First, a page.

“The park enhances the quality of life of Polk County residents,” said Florida Rep. Colleen Burton. “I am very pleased to see this project and look forward to the expanded recreation opportunities for our local community as well as all visitors to Florida.”

    “Colt Creek State Park is a hidden gem and a great place to experience the beauty of natural Florida," said Congressman Dennis Ross. "I am thrilled to see this new opportunity for our community.”

    Colt Creek State Park encompasses 5,067 acres and offers more than 15 miles of beautiful, multi-use trails which provide hiking, biking and and equestrian opportunities. These trails meander through the pine flatwoods around cypress domes, bottomland forest and vast open pastures. Three tributaries flow through the park including Little Gator Creek, Gator Creek and the park's namesake Colt Creek.

  • 07/13/2017 12:39 PM | Florida State Parks Foundation (Administrator)

    That was the cheer heard from Florida Park Service staff when the latest tally came in showing they had broken the all-time record for invasive plant removal in a fiscal year.

    And, they have every reason to be proud.  As breaking records and accomplishing never-before-completed amounts of work clearly demonstrates the success of their land management program. 

    As, Parks Small, Chief of Bureau of Natural and Cultural Resources with the Florida Park Service, explains, “It takes everyone knocking it out of the park for such an achievement to be possible.  We can successfully run a program that combines paid staff, volunteers, partners and the private sector into one workforce that gets the job done and benefits everyone and the resources.  Every acre of invasive plants brought into maintenance means an acre of land with lower future management costs.  Give us sufficient resources and we will accomplish great things.”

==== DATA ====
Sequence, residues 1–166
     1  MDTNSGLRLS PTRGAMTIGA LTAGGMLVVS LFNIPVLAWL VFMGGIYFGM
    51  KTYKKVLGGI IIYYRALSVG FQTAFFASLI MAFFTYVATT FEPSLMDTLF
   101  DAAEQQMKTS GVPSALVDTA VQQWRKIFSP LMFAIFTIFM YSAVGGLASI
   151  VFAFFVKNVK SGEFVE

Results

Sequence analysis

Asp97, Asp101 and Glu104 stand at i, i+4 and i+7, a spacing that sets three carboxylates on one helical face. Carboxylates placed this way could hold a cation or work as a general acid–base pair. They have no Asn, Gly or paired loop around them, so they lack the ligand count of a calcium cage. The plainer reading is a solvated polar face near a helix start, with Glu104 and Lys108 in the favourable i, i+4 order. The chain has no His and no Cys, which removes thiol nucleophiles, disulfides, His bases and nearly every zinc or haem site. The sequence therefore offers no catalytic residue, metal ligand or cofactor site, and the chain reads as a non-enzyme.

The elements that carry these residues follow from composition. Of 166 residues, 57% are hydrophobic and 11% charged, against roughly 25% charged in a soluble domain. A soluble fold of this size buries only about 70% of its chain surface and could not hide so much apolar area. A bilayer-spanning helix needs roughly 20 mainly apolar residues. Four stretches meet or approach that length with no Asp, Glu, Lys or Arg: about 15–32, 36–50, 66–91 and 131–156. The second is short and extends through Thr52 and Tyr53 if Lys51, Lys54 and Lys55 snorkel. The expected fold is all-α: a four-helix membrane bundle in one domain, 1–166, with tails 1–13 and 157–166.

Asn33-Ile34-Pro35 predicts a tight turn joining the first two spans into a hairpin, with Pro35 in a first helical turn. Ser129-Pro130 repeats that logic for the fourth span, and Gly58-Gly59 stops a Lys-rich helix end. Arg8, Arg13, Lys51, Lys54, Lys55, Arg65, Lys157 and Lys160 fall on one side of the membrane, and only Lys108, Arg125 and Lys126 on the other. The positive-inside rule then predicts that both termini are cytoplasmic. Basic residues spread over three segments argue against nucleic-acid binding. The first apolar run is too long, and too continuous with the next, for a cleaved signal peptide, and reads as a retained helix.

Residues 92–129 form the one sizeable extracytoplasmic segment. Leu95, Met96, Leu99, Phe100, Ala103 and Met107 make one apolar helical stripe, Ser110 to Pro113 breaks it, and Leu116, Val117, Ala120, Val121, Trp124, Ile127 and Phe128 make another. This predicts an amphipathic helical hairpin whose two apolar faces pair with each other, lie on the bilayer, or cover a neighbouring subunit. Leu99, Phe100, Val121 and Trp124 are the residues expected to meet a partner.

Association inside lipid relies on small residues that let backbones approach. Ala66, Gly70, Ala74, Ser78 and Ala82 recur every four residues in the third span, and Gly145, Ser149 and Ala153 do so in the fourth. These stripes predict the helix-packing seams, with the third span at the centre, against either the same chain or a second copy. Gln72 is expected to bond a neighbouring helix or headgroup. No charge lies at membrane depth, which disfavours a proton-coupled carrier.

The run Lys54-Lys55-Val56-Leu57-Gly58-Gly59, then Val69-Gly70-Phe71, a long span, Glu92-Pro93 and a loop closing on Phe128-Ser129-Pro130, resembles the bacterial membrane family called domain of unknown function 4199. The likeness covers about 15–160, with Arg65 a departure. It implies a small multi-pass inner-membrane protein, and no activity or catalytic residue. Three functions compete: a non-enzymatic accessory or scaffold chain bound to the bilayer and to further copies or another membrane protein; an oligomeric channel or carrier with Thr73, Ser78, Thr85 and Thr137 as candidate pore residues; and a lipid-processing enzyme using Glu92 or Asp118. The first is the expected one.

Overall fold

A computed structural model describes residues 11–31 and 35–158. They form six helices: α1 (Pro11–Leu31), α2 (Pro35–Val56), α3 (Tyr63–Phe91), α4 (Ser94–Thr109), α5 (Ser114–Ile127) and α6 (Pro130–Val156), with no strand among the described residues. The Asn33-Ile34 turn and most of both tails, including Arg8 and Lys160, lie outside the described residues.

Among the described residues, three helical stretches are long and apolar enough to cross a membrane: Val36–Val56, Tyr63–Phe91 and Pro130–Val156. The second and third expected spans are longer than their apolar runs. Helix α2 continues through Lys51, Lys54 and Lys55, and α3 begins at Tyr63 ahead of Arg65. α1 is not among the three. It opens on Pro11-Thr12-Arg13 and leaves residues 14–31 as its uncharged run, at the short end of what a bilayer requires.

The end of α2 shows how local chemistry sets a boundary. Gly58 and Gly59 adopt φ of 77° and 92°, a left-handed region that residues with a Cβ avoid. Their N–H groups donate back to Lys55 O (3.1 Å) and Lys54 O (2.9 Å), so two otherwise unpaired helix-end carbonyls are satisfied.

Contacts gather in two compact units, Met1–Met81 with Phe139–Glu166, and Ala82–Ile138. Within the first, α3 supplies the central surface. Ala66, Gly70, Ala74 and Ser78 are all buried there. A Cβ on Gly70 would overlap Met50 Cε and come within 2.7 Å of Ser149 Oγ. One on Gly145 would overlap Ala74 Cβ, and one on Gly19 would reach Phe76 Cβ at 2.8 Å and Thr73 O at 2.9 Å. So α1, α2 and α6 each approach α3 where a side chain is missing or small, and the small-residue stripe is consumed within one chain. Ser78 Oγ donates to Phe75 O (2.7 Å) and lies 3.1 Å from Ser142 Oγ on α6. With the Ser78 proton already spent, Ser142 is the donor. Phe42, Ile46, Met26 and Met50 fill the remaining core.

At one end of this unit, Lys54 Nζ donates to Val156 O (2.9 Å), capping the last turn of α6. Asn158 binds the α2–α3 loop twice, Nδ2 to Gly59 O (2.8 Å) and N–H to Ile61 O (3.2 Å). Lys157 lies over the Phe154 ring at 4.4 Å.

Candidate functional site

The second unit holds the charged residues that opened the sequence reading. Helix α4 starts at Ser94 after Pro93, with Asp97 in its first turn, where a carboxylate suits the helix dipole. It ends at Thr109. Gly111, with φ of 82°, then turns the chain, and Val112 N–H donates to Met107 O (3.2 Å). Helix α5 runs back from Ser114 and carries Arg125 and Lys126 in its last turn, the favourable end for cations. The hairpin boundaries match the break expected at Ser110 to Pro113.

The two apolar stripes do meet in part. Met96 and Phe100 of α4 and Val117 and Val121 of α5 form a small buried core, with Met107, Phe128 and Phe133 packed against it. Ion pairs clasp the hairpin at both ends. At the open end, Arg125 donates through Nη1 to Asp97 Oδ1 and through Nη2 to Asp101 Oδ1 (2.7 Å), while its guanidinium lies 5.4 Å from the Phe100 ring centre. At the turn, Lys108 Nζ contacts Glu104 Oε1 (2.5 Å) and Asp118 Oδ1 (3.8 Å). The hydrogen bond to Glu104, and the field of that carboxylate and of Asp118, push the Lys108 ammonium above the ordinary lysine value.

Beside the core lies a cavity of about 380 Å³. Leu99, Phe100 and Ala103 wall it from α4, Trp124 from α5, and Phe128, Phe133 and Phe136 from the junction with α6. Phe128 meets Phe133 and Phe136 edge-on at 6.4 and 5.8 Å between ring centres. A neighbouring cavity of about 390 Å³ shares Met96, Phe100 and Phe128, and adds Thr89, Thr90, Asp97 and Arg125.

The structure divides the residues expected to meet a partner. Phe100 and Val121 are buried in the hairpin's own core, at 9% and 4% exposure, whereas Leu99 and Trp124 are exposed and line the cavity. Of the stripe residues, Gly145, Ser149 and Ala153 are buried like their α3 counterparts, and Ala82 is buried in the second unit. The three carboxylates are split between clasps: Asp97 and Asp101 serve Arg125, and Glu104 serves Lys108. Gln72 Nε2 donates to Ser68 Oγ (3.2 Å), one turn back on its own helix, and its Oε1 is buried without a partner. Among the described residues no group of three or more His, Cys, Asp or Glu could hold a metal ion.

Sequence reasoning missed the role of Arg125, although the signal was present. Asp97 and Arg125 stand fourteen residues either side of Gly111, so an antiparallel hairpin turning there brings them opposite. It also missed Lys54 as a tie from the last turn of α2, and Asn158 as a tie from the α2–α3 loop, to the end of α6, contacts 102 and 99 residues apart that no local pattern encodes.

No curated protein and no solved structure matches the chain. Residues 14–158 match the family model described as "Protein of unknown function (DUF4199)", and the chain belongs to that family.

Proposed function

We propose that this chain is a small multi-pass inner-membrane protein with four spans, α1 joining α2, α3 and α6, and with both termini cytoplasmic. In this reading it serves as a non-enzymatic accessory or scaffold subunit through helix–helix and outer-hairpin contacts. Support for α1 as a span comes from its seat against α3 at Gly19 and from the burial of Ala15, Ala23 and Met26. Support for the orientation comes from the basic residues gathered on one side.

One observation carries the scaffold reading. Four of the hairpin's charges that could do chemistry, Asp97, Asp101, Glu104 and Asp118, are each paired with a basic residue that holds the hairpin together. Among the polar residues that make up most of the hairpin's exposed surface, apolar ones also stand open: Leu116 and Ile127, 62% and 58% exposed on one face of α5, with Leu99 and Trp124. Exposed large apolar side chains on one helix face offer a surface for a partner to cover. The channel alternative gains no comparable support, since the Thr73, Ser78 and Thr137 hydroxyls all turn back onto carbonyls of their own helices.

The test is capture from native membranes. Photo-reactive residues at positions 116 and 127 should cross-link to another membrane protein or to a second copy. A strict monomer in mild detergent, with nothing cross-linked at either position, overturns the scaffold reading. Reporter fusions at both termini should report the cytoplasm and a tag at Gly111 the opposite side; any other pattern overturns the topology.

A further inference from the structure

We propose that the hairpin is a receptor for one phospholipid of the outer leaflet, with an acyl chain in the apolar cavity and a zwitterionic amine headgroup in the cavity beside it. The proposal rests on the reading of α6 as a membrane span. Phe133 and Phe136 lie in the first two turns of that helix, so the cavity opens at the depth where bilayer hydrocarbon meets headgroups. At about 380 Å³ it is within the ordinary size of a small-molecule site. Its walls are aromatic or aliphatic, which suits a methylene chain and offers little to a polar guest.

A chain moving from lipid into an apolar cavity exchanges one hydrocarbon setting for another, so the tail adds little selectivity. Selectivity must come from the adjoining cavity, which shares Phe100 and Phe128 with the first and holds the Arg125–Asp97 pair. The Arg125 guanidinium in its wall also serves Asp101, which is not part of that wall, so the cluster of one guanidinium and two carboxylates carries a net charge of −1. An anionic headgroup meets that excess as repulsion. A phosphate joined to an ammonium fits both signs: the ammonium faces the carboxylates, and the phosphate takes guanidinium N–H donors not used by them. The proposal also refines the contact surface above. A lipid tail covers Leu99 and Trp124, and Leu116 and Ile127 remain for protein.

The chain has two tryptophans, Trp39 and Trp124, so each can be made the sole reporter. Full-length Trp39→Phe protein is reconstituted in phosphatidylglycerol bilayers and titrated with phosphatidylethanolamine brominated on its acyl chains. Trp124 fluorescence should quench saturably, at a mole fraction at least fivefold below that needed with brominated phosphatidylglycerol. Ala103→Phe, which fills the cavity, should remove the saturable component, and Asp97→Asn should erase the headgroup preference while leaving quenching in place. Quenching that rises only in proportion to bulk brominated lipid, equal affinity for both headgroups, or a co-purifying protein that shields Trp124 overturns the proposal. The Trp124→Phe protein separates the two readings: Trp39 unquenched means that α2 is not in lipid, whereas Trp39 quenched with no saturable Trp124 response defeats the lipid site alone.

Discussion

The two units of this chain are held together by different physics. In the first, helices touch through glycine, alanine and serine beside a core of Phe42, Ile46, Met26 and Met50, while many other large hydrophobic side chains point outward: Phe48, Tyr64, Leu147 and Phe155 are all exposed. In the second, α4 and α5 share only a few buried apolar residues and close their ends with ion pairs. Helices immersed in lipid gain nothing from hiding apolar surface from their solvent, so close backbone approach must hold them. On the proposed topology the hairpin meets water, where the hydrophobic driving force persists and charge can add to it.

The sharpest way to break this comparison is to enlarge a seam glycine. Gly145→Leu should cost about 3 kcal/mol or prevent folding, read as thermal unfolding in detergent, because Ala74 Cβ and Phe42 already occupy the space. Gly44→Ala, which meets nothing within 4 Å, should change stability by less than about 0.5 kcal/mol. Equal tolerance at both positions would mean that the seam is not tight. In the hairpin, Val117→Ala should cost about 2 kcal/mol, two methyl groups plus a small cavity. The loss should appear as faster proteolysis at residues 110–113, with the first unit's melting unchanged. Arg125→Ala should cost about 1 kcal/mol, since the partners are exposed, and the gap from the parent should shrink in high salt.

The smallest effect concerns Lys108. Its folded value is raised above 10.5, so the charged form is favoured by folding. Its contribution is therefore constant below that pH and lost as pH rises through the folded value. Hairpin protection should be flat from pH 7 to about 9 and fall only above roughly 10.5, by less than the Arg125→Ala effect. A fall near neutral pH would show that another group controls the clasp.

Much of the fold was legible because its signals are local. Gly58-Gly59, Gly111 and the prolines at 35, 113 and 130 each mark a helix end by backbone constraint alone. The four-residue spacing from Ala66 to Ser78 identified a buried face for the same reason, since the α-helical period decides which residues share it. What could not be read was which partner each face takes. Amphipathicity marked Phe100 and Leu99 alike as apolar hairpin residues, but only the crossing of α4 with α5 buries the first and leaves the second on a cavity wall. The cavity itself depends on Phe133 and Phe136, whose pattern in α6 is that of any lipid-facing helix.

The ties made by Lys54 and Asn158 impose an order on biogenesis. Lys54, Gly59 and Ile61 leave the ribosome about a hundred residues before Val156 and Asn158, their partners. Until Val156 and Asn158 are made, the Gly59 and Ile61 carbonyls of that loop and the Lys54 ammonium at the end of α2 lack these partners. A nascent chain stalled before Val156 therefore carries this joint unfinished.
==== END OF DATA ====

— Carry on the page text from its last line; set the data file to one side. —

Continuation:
• 07/12/2017 11:33 AM | Florida State Parks Foundation (Administrator)

    The garden will be available for relaxing activities such as tai chi, meditation and yoga, and educational areas of the garden have been planned to support special events, educational programs and workshops.                             

    APOPKA, Fla. – DEP's Florida Park Service is partnering with the Wekiva Wilderness Trust (WWT) to create an accessible serenity garden at Wekiwa Springs State Park to expand access and enhance the park experience for visitors with diverse abilities. This innovative project will transform a half-acre site within the park into an innovative garden oasis that creates unique opportunities for people of all abilities to relax, explore and interact with nature. The garden will create a dynamic, fully accessible environment featuring lush native plants, accessible winding paths, water elements, interactive exhibits, exercise areas and gathering spaces to facilitate educational programs and special events.

    “The department is very excited about this project, which will provide groundbreaking opportunities for relaxation, contemplation and education,” said Gary Clark, DEP deputy secretary of land and recreation. “Thanks to our many partners, we will be able to create inclusive experiences at the park for all visitors, including people who use wheelchairs, people with autism and those with other chronic conditions.”

    DEP is providing $50,000 in funding for the joint project, which is being managed by WWT – a nonprofit volunteer group that regularly partners with the park. Other project partners include Friends of Florida State Parks; the Seminole County Master Gardener Program with University of Florida, Institute of Food and Agricultural Sciences; occupational therapist and award-winning author Dr. Amy Wagenfeld; award-winning landscape architecture firm Dix. Hite + Partners; the engineering firm of Carnahan Proctor and Cross; and Sweetwater Oaks Gardening Club.